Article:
He knows, though, that the correct answer is likely to be the simplest one. Navarra’s success has its roots in two things that are not mysteries at all: system and structure.
“There is a culture of soccer in Navarra,” Alcalde said. “But it is a region with just one club: Osasuna. We work with 150 affiliated youth teams. We have 20,000 players in our orbit. We have a very well-developed scouting network. We look for talent under every rock.”
Osasuna does not, of course, have a free run at those players. Part of the reason Navarra as a whole has proved so productive over the years is that the major teams in the neighboring Basque Country — Athletic Bilbao and Real Sociedad — have long regarded the province’s players as fair game. More recently, Barcelona and Villarreal have identified it as fertile ground, too.
Osasuna cannot pay quite as generously as any of those teams. It certainly cannot match the glamour of Barcelona. What it can offer, though, is a sure path from youth soccer to a professional career, from potential to fulfillment. “Our job is to generate a flow of players for the first team, and to make sure they are ready to jump from Disneyland into Jurassic Park,” Alcalde said. “If you want to become a player, then I am certain this is the best place to do it.”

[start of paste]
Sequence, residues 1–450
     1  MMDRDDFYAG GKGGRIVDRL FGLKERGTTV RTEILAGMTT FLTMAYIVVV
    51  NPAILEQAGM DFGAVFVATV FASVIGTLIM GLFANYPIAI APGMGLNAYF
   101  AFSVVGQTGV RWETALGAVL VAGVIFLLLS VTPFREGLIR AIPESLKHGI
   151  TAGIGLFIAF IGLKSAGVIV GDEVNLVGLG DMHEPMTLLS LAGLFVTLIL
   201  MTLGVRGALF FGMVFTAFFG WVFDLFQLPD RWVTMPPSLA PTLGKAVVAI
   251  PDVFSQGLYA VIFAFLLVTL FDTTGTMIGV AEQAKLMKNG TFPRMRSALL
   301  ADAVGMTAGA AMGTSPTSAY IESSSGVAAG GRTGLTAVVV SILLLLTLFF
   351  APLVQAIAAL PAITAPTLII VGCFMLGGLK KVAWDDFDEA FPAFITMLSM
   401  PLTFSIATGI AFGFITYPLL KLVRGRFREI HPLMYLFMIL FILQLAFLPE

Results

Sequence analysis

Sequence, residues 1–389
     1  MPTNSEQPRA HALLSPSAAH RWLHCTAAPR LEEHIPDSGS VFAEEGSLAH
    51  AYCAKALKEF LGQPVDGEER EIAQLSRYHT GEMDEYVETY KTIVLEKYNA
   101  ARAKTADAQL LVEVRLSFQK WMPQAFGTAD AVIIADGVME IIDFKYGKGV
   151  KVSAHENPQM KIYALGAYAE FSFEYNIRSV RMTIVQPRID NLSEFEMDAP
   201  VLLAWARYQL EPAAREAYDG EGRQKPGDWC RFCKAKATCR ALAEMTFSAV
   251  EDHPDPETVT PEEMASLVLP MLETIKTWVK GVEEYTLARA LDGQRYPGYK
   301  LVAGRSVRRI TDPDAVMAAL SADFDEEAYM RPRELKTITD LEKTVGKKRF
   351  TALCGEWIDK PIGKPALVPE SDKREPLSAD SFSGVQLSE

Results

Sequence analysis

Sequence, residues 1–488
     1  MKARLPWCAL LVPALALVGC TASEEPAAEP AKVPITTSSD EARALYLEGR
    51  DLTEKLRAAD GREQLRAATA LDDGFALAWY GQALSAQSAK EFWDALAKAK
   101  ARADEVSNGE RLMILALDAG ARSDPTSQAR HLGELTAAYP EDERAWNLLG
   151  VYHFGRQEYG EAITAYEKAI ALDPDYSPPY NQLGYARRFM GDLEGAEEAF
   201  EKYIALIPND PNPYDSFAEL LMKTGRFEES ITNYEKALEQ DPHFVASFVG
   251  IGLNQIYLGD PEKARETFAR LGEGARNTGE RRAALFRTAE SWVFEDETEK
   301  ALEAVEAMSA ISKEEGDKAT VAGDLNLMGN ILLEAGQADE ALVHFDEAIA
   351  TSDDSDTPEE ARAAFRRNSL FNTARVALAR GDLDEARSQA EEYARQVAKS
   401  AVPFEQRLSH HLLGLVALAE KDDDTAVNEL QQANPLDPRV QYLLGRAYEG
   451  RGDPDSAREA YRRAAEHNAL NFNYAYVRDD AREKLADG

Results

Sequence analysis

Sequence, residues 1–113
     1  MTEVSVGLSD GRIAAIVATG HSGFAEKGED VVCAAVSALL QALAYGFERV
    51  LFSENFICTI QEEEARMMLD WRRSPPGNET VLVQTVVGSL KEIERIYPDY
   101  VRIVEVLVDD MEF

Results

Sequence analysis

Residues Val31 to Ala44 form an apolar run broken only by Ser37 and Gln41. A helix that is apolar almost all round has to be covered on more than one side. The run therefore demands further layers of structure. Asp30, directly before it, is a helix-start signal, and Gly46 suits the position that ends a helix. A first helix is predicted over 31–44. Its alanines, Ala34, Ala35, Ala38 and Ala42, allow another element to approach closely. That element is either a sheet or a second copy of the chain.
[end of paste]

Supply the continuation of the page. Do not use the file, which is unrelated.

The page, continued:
He is keenly aware, though, that most of those hopefuls who come under his charge will fall by the wayside. “Becoming a player is complicated,” he said. “There are only very few who make it.” To offset that, the emphasis at Tajonar, Osasuna’s youth academy, is as much on health, psychology and emotional development as it is on soccer. “We want to make sure the sport does not do them any damage,” he said. “We do not want to leave broken eggs on the road.”
There will, on Saturday night, be plenty of players on the field whom Alcalde and his staff might point to as validation and vindication, players with, if not a Navarra gene, then certainly what Alcalde calls “Tajonar DNA.”